Zero Trust is a security framework that requires all users — whether within or outside an organization’s network — to be authorized, authenticated, and continuously validated for security configuration before they are granted or get to keep access to data and applications. For Zero Trust to work, you need to continuously monitor and validate that both users and their devices have the right attributes and privileges to access your network.
Even though Zero Trust policies require a fair bit of technology investment (including multi-factor authentication, identity and access management software, advanced endpoint security technology, etc.), it’s not impossible for networks that have an abundance of legacy equipment to implement Zero Trust policies. You just need to think critically about how and what you monitor, and who and what you let in.
That’s where device discovery solutions come into play. Aruba ClearPass Device Insight is an essential solution for Zero Trust networks. It’s an AI-powered device discovery and profiling solution that gives you a complete view of your network and everything in it — both wired and wireless. The solution does this by collecting network traffic and extracting key device attributes including ports, applications accessed, protocols, and volume. It then uses that data to fingerprint devices based on their actual behavioral attributes (instead of the vague static attributes that are often used for discovery).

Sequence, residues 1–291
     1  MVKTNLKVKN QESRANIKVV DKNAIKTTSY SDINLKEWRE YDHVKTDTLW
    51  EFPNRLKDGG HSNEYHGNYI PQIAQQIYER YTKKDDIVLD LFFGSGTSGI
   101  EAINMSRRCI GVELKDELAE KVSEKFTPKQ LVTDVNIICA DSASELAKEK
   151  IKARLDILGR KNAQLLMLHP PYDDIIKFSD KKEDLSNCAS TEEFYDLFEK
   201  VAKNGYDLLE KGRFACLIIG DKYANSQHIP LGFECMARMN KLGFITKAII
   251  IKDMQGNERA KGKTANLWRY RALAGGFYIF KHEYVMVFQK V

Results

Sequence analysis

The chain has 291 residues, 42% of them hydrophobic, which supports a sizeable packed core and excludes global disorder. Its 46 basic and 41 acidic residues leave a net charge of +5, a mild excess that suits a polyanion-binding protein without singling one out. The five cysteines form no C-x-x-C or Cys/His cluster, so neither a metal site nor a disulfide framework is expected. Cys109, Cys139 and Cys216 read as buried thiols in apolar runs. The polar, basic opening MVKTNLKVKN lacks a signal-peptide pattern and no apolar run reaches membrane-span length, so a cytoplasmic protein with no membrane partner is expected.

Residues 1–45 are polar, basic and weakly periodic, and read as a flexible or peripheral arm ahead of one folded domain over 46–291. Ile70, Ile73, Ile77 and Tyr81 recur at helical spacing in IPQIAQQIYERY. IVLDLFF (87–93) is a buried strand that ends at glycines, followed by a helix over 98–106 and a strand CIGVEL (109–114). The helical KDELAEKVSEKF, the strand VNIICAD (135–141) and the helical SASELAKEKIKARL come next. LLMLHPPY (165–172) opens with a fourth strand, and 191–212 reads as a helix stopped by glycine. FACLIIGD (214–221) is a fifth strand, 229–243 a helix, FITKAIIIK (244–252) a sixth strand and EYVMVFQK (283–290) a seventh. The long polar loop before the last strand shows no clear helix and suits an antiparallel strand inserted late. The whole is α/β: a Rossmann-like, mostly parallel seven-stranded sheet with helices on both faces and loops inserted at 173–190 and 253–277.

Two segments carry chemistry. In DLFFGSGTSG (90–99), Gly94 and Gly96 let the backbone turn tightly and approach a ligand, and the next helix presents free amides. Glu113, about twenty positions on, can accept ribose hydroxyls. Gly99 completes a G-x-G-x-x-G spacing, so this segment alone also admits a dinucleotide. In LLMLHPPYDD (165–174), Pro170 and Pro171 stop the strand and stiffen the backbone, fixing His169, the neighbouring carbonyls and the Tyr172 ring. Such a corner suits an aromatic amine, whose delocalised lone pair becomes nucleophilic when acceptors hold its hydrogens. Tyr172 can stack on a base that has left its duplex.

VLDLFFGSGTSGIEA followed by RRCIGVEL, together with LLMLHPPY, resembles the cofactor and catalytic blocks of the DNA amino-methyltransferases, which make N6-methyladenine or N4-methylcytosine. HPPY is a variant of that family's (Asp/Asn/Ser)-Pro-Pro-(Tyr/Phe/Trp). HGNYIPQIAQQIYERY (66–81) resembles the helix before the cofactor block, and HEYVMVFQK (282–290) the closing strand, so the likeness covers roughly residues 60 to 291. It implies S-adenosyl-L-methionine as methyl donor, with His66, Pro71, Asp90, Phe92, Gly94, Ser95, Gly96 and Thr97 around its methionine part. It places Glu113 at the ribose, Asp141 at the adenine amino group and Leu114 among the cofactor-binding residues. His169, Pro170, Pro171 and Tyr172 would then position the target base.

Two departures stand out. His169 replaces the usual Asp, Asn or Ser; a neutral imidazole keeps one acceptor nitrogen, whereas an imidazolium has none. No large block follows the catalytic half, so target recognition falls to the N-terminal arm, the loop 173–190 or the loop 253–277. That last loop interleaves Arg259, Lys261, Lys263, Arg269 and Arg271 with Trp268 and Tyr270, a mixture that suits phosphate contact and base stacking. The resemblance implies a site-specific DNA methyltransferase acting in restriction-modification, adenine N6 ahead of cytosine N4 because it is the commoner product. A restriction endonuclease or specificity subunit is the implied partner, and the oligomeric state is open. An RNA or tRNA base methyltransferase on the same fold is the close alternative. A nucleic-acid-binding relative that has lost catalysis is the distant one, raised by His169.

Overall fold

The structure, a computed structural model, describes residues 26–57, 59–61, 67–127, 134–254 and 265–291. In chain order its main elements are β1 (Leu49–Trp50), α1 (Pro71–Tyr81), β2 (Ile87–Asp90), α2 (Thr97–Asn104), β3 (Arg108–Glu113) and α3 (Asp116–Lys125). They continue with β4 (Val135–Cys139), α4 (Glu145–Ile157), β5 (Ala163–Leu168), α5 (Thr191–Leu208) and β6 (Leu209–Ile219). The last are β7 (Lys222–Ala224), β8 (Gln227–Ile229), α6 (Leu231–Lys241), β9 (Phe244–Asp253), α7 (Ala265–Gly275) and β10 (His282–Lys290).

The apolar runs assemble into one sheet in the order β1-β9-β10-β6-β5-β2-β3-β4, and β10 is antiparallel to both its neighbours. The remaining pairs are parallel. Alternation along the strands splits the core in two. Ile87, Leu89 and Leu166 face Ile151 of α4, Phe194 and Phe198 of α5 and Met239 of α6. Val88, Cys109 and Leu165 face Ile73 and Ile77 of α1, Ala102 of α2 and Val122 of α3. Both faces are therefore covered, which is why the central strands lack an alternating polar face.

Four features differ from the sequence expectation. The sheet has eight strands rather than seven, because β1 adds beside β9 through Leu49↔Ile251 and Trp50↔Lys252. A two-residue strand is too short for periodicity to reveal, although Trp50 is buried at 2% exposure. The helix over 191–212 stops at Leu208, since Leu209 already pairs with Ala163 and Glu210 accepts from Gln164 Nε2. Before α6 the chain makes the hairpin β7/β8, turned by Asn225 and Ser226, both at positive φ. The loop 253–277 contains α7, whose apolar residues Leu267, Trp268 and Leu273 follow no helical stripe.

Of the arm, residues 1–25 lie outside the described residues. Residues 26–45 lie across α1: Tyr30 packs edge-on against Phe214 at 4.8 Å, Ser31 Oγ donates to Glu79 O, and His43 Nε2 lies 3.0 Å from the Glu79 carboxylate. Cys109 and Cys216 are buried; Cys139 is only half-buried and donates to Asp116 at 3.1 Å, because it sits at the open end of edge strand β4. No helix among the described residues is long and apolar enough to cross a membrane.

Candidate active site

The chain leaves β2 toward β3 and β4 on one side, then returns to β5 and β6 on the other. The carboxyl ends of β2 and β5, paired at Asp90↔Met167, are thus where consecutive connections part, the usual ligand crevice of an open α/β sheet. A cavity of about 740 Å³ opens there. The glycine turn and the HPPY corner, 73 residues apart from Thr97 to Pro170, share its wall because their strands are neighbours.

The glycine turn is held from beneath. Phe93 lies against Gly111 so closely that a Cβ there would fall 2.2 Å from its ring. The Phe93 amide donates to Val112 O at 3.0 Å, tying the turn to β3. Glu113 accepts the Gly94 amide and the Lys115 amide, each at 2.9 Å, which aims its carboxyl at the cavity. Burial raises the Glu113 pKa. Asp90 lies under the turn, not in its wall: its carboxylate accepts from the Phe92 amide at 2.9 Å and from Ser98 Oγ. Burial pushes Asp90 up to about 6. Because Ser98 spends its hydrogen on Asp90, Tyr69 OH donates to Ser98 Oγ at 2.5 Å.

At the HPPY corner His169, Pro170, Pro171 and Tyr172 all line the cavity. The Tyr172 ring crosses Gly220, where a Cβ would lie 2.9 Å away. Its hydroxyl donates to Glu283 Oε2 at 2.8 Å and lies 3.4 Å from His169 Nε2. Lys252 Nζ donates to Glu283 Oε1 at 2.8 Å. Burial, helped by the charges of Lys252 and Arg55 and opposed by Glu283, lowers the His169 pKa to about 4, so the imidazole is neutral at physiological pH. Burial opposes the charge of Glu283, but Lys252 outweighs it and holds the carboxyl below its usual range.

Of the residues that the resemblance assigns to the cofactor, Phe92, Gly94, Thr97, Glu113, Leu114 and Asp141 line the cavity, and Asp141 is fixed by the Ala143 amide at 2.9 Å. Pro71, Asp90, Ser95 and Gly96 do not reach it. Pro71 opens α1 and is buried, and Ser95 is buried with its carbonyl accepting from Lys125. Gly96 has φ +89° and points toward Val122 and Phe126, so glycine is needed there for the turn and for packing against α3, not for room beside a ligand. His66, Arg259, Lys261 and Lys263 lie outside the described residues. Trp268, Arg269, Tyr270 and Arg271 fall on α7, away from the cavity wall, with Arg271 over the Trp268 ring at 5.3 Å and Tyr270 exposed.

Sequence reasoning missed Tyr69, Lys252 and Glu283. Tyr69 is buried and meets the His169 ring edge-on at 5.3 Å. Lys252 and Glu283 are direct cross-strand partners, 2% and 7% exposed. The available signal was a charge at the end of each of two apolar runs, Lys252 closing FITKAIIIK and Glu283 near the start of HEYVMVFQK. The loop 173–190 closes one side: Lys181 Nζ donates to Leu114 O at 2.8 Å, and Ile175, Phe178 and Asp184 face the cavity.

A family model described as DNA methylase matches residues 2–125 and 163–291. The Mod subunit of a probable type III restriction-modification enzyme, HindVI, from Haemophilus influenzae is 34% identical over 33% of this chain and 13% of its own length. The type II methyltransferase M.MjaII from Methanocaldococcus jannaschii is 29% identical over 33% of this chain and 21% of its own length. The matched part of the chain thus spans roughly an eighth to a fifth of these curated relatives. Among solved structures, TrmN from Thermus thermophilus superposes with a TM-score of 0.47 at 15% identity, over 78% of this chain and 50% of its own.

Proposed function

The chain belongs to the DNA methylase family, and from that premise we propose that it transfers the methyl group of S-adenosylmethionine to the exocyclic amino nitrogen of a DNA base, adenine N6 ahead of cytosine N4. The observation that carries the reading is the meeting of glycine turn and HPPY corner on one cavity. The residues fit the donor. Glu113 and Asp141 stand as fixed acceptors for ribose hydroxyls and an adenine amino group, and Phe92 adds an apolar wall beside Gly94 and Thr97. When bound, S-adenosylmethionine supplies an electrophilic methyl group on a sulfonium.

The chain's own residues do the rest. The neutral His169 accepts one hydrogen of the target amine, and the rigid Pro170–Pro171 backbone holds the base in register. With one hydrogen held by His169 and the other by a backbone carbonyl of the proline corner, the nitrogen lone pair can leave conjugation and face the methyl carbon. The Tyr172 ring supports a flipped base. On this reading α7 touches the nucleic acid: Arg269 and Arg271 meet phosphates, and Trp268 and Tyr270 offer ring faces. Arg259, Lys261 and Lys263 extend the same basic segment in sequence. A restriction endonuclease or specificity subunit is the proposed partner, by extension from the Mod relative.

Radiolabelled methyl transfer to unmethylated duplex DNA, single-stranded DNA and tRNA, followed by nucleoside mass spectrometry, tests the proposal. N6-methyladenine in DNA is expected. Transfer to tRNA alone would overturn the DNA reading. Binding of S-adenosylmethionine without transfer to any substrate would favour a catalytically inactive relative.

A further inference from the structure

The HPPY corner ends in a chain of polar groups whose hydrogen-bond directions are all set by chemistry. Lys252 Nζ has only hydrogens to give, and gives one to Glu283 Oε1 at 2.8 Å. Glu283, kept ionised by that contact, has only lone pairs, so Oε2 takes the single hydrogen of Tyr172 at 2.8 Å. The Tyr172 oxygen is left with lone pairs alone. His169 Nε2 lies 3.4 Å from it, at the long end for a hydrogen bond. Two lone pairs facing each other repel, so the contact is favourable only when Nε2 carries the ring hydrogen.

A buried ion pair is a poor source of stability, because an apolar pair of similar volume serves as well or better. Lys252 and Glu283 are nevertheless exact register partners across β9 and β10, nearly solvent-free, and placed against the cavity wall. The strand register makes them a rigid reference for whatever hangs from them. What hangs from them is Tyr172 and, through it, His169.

Because Device Insight is a cloud application that includes both a crowdsourcing and a machine learning component, it is able to quickly develop fingerprints for devices it has never seen before. This automated approach ensures the solution can keep pace with all the new and varied IoT devices that continue to be developed. Plus, ClearPass’ crowdsourcing component means that your IT teams always have a clear view of the devices that are connected to your network.
IoT offers boundless opportunities and benefits across industries and use cases, but taking advantage of those benefits without opening yourself up to cybersecurity risks can be tricky. With each new device you bring into your network, you risk welcoming in more bad actors as well.
Luckily, you don’t have to face IoT cybersecurity challenges alone. At Turn-key Technologies, Inc. (TTI), our experts are ready to help you secure your IoT devices and your larger network. When you partner with TTI, you get the benefit of more than three decades of experience securing networks of every shape and size from a range of risks. We’ll use that knowledge to help you secure your network so you’re prepared to face any threats presented by IoT technology.
Contact us today to learn how TTI can help you prepare for the future of IoT cybersecurity.